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New - Colt Thompson in French Service


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#41 ron_brock

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Posted 09 October 2018 - 05:56 PM

I added to the title a bit to help. Here is the info from Gordons last book. Looking forward to seeing this one in person!!

Attached File  F7C46EFC-F86E-45EE-82D0-D9AAB147AA03.jpeg   22.58K   53 downloads

The term pearl was confusing as there was a few guns made called Pearl. This gun however was a pearl in hiding. Very nice with a great history.

Ron
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#42 Jack Wright

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Posted 09 October 2018 - 06:22 PM

I realize the wrath that I am about to bring down upon myself but nevertheless here goes:
Don’t change out ANY parts. Shoot it exactly the way it is. That’s how it came out of the
factory and that’s how it was meant to be shot. These guns were not made to be babied.
Shoot the bejesus out of it exactly the way it is and enjoy it!
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#43 ppgcowboy

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Posted 09 October 2018 - 06:33 PM

Shoot it with changed parts, and parts that can be replaced, including a different lower, and display it with the Colt parts.
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#44 mohawk64

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Posted 09 October 2018 - 06:36 PM

I wouldn't shoot it at all
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#45 SAW23015

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Posted 09 October 2018 - 06:51 PM

I would never buy any gun that I would not shoot, I know many do and that's okay. Not into guns for the money but for the fun of shooting then just like the were made.


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#46 83Baron

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Posted 09 October 2018 - 07:01 PM

Actuator and bolt swapped out, and only the finest factory ammo and have at it!
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#47 ron_brock

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Posted 09 October 2018 - 08:07 PM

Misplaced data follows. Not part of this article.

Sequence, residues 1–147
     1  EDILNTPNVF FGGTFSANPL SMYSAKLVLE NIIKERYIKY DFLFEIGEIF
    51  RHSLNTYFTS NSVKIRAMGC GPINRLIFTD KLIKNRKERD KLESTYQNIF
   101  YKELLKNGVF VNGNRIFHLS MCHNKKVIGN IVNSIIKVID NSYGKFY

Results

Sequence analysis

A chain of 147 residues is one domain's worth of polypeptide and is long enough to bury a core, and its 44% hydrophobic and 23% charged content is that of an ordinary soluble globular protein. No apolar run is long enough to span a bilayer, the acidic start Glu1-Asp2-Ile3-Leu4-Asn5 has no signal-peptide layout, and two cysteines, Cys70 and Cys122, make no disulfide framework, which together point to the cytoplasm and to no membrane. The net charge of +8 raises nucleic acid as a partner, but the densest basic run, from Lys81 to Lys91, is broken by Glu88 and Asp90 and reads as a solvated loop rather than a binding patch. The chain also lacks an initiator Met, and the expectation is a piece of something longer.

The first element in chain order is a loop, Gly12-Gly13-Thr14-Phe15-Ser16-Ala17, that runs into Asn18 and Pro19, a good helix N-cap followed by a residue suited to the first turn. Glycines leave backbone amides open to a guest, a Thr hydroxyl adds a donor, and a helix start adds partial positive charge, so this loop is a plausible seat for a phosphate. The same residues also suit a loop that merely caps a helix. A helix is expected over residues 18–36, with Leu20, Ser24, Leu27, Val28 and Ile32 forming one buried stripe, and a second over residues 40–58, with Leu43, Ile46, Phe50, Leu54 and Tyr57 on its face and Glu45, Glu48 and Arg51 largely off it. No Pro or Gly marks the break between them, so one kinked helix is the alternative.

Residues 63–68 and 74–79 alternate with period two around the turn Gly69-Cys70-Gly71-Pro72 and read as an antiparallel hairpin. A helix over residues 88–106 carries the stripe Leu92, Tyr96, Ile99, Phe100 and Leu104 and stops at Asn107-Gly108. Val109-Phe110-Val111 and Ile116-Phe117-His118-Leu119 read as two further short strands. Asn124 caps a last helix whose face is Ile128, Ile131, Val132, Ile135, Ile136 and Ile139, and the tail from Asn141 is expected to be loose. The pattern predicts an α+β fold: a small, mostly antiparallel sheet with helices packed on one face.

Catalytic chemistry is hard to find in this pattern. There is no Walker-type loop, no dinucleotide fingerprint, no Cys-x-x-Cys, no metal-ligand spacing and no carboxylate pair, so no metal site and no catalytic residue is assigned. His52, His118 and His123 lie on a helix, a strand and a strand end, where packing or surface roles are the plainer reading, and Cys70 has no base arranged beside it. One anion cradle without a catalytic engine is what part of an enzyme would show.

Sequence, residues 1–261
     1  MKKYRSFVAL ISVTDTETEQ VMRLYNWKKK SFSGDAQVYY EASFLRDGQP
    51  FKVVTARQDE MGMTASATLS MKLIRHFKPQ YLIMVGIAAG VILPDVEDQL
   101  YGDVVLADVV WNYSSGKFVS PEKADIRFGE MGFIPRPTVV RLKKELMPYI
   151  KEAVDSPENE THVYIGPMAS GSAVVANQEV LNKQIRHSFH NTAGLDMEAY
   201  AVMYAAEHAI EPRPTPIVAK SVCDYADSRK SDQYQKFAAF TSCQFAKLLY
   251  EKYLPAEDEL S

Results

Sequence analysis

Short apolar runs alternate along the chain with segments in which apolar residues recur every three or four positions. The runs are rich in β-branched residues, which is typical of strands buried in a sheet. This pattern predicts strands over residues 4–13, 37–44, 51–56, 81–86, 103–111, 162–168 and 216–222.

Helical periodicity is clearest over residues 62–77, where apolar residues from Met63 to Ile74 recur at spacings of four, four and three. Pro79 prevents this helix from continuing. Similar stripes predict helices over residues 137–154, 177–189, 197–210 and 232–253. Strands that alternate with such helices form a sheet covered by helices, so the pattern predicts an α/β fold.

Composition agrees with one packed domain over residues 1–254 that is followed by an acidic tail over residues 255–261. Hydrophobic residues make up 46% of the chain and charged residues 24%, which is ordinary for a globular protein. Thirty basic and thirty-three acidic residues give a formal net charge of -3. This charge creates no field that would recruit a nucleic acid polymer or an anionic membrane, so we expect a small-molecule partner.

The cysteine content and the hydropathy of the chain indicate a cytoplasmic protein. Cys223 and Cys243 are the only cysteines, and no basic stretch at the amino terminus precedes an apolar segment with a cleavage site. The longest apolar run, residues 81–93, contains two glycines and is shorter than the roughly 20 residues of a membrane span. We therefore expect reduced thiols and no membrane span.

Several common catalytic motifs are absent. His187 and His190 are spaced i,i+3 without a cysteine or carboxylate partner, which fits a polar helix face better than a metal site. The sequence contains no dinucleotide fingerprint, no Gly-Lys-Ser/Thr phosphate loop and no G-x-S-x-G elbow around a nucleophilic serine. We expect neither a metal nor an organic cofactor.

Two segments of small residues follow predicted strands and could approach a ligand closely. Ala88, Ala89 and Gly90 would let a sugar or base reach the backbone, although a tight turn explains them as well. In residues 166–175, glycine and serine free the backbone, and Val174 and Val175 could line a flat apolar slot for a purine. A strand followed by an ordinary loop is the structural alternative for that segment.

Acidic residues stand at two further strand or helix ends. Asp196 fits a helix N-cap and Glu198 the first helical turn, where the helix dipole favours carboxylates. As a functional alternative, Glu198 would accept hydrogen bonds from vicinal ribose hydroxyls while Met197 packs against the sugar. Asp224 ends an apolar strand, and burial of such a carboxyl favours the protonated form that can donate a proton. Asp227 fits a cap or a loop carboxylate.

I realize the wrath that I am about to bring down upon myself but nevertheless here goes:
Dont change out ANY parts. Shoot it exactly the way it is. Thats how it came out of the
factory and thats how it was meant to be shot. These guns were not made to be babied.
Shoot the bejesus out of it exactly the way it is and enjoy it!


This year at TATA a member was shooting his 28 Navy Overstamp, the actuator ear broke during firing. High cycle fatigue is a common failure mode on many original Colt profile actuator ears. The thin cross section is prone to breakage over time. He will likely spend $2,000 to $3,000 to replace this part if lucky enough to find one. At the time he was unaware. Lesson learned but there is a difference in enjoying a gun for what it is and taking a blantant gamble. Id at least change the few parts mentioned by seasoned veterans if you plan to shoot it.

Several of us are still shooting Colt guns, but common care should be practiced to prevent breaking rare and very difficult to replace parts.

Ron
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#48 Jack Wright

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Posted 09 October 2018 - 08:34 PM

The breakage was certainly unfortunate, but how many are shot where nothing breaks. The 21 Colt shoots in
a unique way and replacing the original actuator with a 28 actuator will certainly alter the way it shoots. To each his own,
but I would rather it shoot the way it is supposed to shoot rather than like something else...
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#49 jim c 351

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Posted 09 October 2018 - 09:31 PM

Jack,

WW2 28 actuators , machined to 21 specs are available from several gunsmiths.

This pretty much eliminates your justification for doing something incredibly stupid.

Jim C


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#50 ron_brock

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Posted 09 October 2018 - 09:33 PM

The beauty of that is gunsmiths who produce new parts. I shoot my Colt with a milled down GI actuator, PK hybrid buffer and pilot system and new 21 spring. Shoots just the way it was designed and no worry of turning my $1500 21 actuator into a junk Colt actuator.

There are options to have the same as designed functionality without risking a rare original part breaking.

Ron
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#51 ppgcowboy

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Posted 09 October 2018 - 09:40 PM

The breakage was certainly unfortunate, but how many are shot where nothing breaks. The 21 Colt shoots in
a unique way and replacing the original actuator with a 28 actuator will certainly alter the way it shoots. To each his own,